Acute flaccid myelitis: cause, diagnosis, and management

AFM working group

Research output: Contribution to journalReview articlepeer-review

Abstract

Acute flaccid myelitis (AFM) is a disabling, polio-like illness mainly affecting children. Outbreaks of AFM have occurred across multiple global regions since 2012, and the disease appears to be caused by non-polio enterovirus infection, posing a major public health challenge. The clinical presentation of flaccid and often profound muscle weakness (which can invoke respiratory failure and other critical complications) can mimic several other acute neurological illnesses. There is no single sensitive and specific test for AFM, and the diagnosis relies on identification of several important clinical, neuroimaging, and cerebrospinal fluid characteristics. Following the acute phase of AFM, patients typically have substantial residual disability and unique long-term rehabilitation needs. In this Review we describe the epidemiology, clinical features, course, and outcomes of AFM to help to guide diagnosis, management, and rehabilitation. Future research directions include further studies evaluating host and pathogen factors, including investigations into genetic, viral, and immunological features of affected patients, host–virus interactions, and investigations of targeted therapeutic approaches to improve the long-term outcomes in this population.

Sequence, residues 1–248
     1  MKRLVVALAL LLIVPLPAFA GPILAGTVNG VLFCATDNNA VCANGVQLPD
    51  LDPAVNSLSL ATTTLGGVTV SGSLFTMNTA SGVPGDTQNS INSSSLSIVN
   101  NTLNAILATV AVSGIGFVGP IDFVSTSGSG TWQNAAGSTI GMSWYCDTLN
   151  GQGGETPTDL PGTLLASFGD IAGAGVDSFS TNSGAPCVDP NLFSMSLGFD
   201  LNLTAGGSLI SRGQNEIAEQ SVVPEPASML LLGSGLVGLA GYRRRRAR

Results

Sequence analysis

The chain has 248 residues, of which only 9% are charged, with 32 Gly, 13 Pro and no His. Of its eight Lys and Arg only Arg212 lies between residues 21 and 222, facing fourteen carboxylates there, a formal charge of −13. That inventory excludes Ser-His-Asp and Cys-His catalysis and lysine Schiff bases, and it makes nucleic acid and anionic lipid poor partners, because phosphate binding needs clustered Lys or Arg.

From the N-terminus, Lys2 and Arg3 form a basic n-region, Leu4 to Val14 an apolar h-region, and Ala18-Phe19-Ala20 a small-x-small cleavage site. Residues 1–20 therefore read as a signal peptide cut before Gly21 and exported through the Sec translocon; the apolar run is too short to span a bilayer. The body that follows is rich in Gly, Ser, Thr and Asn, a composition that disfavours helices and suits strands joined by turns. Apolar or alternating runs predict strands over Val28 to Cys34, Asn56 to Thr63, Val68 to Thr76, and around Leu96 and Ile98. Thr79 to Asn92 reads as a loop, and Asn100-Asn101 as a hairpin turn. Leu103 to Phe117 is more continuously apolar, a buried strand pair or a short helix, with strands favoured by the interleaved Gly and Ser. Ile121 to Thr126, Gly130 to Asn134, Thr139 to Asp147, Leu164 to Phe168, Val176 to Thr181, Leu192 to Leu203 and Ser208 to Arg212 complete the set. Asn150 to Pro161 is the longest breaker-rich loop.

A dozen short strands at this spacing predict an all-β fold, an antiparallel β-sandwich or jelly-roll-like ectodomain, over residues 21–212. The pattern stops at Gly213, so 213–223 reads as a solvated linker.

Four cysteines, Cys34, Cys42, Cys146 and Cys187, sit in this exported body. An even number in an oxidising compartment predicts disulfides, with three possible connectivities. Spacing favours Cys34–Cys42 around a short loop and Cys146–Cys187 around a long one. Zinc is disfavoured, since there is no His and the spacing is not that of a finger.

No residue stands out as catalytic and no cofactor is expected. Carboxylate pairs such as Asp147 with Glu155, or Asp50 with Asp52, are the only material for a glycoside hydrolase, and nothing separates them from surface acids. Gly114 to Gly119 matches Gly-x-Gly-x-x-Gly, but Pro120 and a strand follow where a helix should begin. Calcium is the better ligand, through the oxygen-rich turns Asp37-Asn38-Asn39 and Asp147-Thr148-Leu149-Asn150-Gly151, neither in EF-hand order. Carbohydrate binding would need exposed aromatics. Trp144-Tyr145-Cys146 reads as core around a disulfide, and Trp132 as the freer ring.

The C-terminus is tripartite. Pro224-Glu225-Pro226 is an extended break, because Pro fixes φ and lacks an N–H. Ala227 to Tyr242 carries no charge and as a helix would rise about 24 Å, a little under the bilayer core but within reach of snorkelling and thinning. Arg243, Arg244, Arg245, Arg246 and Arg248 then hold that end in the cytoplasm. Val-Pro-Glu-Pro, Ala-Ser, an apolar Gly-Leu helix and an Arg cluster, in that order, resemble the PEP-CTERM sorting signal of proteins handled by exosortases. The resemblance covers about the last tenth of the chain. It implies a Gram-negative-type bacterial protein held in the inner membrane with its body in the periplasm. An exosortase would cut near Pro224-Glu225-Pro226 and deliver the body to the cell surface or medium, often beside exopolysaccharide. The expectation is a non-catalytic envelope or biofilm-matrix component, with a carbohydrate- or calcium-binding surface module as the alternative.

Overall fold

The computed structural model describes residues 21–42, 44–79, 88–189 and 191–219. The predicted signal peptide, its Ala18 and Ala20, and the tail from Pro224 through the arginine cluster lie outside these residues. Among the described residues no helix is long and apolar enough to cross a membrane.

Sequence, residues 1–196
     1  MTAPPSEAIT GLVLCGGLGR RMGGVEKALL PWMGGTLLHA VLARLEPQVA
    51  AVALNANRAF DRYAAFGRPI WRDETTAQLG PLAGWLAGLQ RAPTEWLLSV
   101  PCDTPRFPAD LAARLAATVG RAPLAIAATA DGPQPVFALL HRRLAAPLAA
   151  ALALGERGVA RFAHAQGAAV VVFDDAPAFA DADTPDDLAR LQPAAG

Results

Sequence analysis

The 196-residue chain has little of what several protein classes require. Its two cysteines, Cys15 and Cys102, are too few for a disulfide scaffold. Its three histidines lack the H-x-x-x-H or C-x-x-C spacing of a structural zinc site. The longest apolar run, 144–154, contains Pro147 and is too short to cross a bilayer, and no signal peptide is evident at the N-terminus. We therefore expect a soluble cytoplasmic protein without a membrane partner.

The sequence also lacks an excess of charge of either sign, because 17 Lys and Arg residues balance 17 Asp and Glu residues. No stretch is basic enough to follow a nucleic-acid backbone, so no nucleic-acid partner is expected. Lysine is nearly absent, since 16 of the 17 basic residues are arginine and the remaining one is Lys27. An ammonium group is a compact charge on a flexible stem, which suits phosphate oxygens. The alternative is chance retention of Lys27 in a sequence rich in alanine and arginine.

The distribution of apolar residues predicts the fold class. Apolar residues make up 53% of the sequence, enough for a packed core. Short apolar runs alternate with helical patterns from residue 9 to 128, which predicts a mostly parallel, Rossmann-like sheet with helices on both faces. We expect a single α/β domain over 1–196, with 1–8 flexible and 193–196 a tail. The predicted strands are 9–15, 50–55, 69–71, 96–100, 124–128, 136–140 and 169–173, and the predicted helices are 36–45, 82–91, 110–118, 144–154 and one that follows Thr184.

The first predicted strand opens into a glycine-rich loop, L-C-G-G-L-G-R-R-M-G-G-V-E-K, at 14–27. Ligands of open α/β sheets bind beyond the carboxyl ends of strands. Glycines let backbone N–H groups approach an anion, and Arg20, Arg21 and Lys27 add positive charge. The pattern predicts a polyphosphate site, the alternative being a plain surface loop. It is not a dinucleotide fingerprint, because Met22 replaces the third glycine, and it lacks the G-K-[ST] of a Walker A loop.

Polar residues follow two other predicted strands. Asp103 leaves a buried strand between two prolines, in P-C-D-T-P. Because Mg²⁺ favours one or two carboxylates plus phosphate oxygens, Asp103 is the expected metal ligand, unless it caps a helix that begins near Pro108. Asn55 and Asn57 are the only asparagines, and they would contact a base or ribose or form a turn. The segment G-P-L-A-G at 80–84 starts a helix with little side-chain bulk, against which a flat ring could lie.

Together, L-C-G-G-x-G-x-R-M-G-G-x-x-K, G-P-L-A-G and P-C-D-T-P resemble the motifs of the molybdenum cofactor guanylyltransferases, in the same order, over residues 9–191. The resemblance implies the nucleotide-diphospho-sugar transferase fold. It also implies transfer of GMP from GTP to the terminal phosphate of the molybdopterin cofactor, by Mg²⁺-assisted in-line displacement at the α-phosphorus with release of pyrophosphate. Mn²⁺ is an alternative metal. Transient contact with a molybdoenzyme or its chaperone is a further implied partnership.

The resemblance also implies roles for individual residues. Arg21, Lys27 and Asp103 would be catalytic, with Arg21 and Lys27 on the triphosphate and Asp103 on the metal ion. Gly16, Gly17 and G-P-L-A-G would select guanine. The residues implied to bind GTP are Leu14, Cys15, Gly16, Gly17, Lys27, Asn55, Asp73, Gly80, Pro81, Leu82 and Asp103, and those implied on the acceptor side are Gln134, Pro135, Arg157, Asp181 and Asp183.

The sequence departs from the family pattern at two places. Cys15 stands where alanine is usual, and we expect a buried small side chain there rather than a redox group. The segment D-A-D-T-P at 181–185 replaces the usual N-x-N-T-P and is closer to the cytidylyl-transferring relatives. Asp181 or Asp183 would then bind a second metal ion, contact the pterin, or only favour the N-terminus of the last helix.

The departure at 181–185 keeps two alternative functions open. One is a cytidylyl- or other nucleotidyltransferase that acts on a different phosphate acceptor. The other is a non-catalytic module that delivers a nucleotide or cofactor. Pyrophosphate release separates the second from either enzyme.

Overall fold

Original languageEnglish (US)
Pages (from-to)334-346
Number of pages13
JournalThe Lancet
Volume397
Issue number10271
DOIs
StatePublished - Jan 23 2021

ASJC Scopus subject areas

  • Medicine(all)

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